Jones namechecked Vermont Sen. Bernie Sanders and New York Congresswoman Alexandria Ocasio-Cortez in describing not just Brown’s politics, but his approach to coalition building and how that translates into lots of individual donors.

But relying on those donations presents challenges too. “For every five calls we make, it’s one call for (other candidates),” he said. Getting those fund-raising calls done is in the time left is the struggle, he said.

“Of all the things we have, time is not one of them,” he said.

New reports due in two weeks

The next round of campaign disclosures are due at the end of the month. Those reports will answer some important questions, including whether Reed’s initial flood of donations is sustainable and whether candidates like Dickens and Brown have the money to get their message out to the 41% of voters who remain undecided in the AJC’s poll. Like Dickens and Brown, Gay is polling in the single digits, but she has shown the ability to tap high-dollar donors and self-fund her campaign when needed.

A spokesman for Dickens said the campaign is feeling good about its fundraising heading into the new filing period and emphasized the number of small-dollar donations that have come in. Those are votes, the spokesman said.

But candidates have to have the money to get their message out. Lazarus, the Georgia State professor, said television is still the way to reach the broadest segment of voters, but it’s a “shotgun” approach compared to microtargeting voters on social media.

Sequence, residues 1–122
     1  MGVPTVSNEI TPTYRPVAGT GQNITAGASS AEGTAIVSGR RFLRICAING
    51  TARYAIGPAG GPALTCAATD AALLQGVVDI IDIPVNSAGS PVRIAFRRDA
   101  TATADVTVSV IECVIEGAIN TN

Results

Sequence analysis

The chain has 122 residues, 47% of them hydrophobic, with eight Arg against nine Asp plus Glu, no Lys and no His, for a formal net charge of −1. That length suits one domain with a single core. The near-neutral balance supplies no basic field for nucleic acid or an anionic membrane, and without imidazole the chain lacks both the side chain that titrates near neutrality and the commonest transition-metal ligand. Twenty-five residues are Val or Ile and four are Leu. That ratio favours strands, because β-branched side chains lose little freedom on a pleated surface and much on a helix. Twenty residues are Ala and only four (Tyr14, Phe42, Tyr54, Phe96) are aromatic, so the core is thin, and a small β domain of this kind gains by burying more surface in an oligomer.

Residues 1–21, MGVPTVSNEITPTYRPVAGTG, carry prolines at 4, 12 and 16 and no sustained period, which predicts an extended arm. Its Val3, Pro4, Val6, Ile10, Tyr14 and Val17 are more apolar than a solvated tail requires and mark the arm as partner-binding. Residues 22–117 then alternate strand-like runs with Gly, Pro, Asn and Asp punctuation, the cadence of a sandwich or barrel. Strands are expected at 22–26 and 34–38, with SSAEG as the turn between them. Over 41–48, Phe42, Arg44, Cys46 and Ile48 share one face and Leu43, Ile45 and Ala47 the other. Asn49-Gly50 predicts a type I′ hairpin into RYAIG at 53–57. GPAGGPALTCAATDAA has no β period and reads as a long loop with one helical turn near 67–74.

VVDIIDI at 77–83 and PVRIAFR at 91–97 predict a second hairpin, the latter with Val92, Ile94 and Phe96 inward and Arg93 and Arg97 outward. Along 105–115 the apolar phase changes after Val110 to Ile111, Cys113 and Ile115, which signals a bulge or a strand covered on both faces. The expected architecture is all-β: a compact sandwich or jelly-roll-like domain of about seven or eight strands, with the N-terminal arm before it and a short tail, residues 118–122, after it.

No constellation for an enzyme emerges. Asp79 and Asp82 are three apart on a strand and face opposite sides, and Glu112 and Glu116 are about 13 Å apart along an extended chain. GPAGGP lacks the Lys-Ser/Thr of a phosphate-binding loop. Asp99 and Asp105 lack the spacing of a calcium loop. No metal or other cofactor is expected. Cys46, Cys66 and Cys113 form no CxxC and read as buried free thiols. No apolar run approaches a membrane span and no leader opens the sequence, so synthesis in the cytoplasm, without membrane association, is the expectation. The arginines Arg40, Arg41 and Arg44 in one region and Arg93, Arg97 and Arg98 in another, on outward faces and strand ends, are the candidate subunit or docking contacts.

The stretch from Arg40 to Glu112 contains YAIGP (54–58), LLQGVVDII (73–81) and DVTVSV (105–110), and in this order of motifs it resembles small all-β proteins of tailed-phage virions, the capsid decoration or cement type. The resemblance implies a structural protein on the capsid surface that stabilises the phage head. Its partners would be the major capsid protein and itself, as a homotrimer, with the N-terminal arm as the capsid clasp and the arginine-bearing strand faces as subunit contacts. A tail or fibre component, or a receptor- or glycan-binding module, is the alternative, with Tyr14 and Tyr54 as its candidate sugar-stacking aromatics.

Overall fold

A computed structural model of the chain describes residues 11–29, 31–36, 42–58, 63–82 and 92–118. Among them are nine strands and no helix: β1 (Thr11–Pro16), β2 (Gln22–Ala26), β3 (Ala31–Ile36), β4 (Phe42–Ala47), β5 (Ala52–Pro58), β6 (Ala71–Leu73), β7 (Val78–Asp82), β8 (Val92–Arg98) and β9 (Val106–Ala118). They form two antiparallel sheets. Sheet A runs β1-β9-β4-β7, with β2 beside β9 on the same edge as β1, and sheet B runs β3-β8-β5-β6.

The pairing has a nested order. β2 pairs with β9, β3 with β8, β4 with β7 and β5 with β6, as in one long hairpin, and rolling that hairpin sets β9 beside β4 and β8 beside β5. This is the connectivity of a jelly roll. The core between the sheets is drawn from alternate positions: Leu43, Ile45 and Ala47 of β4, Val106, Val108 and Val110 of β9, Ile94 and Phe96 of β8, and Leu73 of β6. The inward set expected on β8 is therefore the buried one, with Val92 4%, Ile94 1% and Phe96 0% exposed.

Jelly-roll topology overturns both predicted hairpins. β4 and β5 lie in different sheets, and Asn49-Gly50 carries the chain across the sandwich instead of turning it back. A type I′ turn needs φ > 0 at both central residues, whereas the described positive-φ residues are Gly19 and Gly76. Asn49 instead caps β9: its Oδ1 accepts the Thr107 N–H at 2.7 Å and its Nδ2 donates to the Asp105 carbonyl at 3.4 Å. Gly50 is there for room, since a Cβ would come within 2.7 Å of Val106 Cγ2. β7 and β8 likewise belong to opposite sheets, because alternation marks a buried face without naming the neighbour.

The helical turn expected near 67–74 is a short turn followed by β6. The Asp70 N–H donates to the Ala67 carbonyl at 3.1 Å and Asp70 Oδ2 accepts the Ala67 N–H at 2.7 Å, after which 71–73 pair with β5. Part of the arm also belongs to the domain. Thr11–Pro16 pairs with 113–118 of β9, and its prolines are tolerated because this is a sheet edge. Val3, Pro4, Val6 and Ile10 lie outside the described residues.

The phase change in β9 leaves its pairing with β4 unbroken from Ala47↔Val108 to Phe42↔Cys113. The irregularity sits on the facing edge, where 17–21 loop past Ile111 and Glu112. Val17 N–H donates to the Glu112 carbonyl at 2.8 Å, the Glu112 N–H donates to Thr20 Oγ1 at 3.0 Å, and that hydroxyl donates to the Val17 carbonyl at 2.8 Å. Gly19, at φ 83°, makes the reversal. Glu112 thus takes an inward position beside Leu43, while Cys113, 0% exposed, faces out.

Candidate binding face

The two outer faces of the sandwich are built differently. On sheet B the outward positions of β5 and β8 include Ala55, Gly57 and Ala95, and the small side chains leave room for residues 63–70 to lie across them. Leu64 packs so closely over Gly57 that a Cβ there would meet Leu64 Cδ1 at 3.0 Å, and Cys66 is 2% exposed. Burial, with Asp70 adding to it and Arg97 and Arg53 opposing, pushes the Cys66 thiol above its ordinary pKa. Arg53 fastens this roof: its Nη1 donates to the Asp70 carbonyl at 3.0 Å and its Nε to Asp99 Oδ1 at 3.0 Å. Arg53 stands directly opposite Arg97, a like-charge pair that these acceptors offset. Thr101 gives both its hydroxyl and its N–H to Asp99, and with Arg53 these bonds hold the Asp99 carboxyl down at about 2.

“You pay a lot less for social media, but it’s just as effective,” he said.

That gives candidates less well known to voters an opening to get their message out in a way that doesn’t break the bank.

“Those TV ads are still the way you reach the largest number of eyeballs. It’s just not the only thing anymore,” he said.

How we got the story

Candidates for public office are required to make periodic reports of their campaign contributions, loans and expenditures. The Atlanta Journal-Constitution examined the contributions for the major candidates for mayor of Atlanta and analyzed those reports for this story. You can view the reports on the city’s campaign finance portal here: